Often held in overcrowded prisons meant for adults, many children arrested in Uganda don’t even know their rights. But the nonprofit Free Child Uganda has given legal aid to some 1,000 children, since Winfred Adukule-Meuter founded the organization in 2016.
Some medical devices that help doctors treat cancer aren’t available in Uganda, so people who need treatment look for ways to travel to India. The Ugandan government has proposed legislation to help patients with cancer and other diseases pay for the long journey and the treatments, and small fundraising events like car washes have become more common.
Many Ugandans travel abroad for medical treatment, because doctors in the country often don’t have the necessary experience or equipment. But a Ugandan urologist opened a hospital last year in a Kampala suburb with a lofty goal: to offer excellent medical services to Ugandans – in Uganda.
A long-standing tradition ended in 2017, when Uganda’s Civil Aviation Authority fenced off an area where practitioners of ancient religions had made animal sacrifices. In a country where much land is not formally deeded, and ownership disputes are common, a spiritual leader wonders how the airport could claim title to the site, when his clan has been its rightful owner for more than half a millennium.
As many as 10 people die every day on Uganda’s roads, so a partnership between the Ugandan government and Georgetown University is encouraging passengers to speak up about reckless driving. But passengers say their travels remain frightening.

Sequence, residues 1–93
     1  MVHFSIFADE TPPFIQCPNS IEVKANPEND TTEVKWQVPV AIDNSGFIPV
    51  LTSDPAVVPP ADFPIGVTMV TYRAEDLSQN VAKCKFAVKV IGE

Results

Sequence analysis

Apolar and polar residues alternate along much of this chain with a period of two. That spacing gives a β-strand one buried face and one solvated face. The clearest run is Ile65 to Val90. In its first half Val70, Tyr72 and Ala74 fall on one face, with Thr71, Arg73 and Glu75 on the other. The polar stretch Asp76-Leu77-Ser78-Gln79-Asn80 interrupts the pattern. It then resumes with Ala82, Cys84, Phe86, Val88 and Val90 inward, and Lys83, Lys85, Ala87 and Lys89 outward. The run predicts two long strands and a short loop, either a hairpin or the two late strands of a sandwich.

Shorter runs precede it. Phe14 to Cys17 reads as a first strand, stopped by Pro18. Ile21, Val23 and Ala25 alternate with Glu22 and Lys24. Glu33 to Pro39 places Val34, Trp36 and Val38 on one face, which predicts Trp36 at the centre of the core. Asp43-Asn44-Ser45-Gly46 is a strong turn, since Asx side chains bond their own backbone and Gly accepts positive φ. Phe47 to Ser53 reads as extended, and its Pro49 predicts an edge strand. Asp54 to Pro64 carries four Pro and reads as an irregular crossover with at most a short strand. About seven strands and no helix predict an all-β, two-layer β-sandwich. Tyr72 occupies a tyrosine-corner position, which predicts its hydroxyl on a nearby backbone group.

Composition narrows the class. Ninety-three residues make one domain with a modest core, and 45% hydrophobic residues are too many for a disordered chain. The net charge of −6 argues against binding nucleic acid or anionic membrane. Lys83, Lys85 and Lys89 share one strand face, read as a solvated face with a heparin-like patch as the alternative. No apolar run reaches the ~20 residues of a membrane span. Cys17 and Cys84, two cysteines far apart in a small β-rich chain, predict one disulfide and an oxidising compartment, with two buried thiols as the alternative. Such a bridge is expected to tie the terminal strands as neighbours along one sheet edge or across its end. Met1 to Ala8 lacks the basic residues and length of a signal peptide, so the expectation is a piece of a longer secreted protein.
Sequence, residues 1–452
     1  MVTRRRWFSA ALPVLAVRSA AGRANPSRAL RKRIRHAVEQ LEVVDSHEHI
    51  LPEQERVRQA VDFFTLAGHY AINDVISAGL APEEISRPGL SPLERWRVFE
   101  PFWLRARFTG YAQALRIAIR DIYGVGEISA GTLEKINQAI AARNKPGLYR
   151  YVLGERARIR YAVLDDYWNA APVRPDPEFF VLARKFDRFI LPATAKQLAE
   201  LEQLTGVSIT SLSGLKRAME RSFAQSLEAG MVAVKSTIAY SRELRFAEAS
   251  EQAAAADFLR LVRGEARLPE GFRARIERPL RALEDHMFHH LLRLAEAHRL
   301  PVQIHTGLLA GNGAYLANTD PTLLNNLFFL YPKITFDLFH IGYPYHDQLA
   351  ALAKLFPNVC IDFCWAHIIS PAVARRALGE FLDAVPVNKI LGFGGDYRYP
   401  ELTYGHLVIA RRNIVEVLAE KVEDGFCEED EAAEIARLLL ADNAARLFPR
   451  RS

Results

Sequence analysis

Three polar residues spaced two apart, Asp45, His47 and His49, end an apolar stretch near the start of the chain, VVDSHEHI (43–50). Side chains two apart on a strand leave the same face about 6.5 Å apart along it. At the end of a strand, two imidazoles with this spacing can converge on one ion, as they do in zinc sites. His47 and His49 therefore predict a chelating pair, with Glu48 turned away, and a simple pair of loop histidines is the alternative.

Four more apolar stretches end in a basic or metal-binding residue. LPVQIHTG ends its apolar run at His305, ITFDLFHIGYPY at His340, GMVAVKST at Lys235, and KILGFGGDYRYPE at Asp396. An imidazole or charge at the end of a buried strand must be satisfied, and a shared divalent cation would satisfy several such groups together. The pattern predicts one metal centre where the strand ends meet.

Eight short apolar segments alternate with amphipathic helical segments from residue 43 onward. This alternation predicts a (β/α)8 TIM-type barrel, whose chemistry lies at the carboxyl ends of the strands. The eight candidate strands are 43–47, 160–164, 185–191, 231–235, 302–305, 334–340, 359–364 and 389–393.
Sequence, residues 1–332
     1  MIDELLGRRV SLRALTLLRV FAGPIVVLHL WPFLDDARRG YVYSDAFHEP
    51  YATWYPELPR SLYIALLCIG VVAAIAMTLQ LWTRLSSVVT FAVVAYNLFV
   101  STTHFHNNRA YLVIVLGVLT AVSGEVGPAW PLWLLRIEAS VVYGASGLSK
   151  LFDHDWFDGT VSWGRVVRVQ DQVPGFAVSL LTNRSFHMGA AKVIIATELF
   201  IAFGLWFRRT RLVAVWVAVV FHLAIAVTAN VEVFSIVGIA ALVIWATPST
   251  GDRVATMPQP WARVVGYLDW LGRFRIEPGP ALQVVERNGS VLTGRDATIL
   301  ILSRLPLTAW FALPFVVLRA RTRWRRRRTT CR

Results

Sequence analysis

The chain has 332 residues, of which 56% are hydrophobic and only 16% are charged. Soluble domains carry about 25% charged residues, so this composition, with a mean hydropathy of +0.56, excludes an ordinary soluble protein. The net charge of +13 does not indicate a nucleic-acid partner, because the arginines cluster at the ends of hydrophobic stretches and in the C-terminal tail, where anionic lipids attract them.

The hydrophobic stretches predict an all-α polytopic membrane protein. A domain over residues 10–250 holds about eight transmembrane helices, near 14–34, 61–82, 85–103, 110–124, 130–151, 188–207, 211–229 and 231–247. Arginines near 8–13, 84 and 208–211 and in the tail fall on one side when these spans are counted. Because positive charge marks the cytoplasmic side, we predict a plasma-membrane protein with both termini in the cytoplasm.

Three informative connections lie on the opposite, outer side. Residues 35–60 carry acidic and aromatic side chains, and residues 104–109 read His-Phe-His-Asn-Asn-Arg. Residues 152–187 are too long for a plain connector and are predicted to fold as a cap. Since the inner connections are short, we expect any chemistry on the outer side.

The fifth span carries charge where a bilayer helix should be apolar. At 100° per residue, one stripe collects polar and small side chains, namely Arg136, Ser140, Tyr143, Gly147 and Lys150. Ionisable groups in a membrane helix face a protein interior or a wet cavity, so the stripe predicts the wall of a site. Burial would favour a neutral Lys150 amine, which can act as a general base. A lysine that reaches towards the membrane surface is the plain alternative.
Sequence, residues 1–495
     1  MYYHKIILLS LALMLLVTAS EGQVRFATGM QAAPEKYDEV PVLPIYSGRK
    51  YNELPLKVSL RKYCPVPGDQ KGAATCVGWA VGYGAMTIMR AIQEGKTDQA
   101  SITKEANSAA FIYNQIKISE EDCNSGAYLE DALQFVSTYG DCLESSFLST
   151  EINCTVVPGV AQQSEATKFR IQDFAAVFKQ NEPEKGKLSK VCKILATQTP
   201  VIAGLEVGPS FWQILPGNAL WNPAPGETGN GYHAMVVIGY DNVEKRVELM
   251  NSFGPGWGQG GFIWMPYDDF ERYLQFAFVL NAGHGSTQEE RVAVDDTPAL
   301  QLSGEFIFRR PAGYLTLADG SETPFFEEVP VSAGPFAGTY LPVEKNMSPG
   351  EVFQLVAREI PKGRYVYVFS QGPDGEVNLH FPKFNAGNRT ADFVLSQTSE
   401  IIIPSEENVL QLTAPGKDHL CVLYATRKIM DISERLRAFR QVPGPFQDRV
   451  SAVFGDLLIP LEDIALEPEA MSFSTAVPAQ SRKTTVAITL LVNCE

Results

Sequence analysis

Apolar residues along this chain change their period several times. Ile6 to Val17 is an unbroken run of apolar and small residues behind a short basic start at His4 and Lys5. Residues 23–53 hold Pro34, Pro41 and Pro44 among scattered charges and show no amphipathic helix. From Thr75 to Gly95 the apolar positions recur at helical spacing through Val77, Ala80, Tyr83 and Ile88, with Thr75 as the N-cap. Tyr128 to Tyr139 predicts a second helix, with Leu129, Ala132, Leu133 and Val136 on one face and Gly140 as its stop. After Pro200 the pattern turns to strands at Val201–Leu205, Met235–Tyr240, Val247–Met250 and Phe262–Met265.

Homosexuality, which is illegal in Uganda, is commonly believed to be a vestige of colonialism. As the country’s LGBT community struggles for acceptance, some experts are noting that there’s evidence that homosexuality was present in Africa long before foreigners came.
The leader of the Bunyoro Kingdom leased thousands of hectares of forest land in the kingdom’s traditional land base to a sugar company – a move members of the kingdom say will help ease their poverty. But environmentalists say the kingdom has no right to lease the land, which is part of a protested forest.
David Bahati, the Ugandan lawmaker who has consistently pushed for harsh laws to curb homosexuality, tells Global Press Journal how he felt when the law he drafted was overturned, and what he plans to do to revive it in the future. Uganda’s anti-gay stance has been widely denounced as a human rights violation.
Much of the land in Uganda is owned by families under a traditional system, which uses geographical features as boundary markers and knowledge maintained by clan elders. The recent civil war has destroyed those markers, and most of the elders who know who owns what have passed away. As families return to their land, they now have a difficult task to prove it belongs to them.
Taban Idi Amin, whose grandfather was Idi Amin, vicious dictator of Uganda in the 1970s, won a parliamentary seat in February but continues to battle against the people’s memories of his forebear. Though his campaign opponent warned that Taban Idi Amin would repeat his grandfather’s atrocities, and some accuse him of bribing voters, others point to ways he had helped the people of his district even before the election.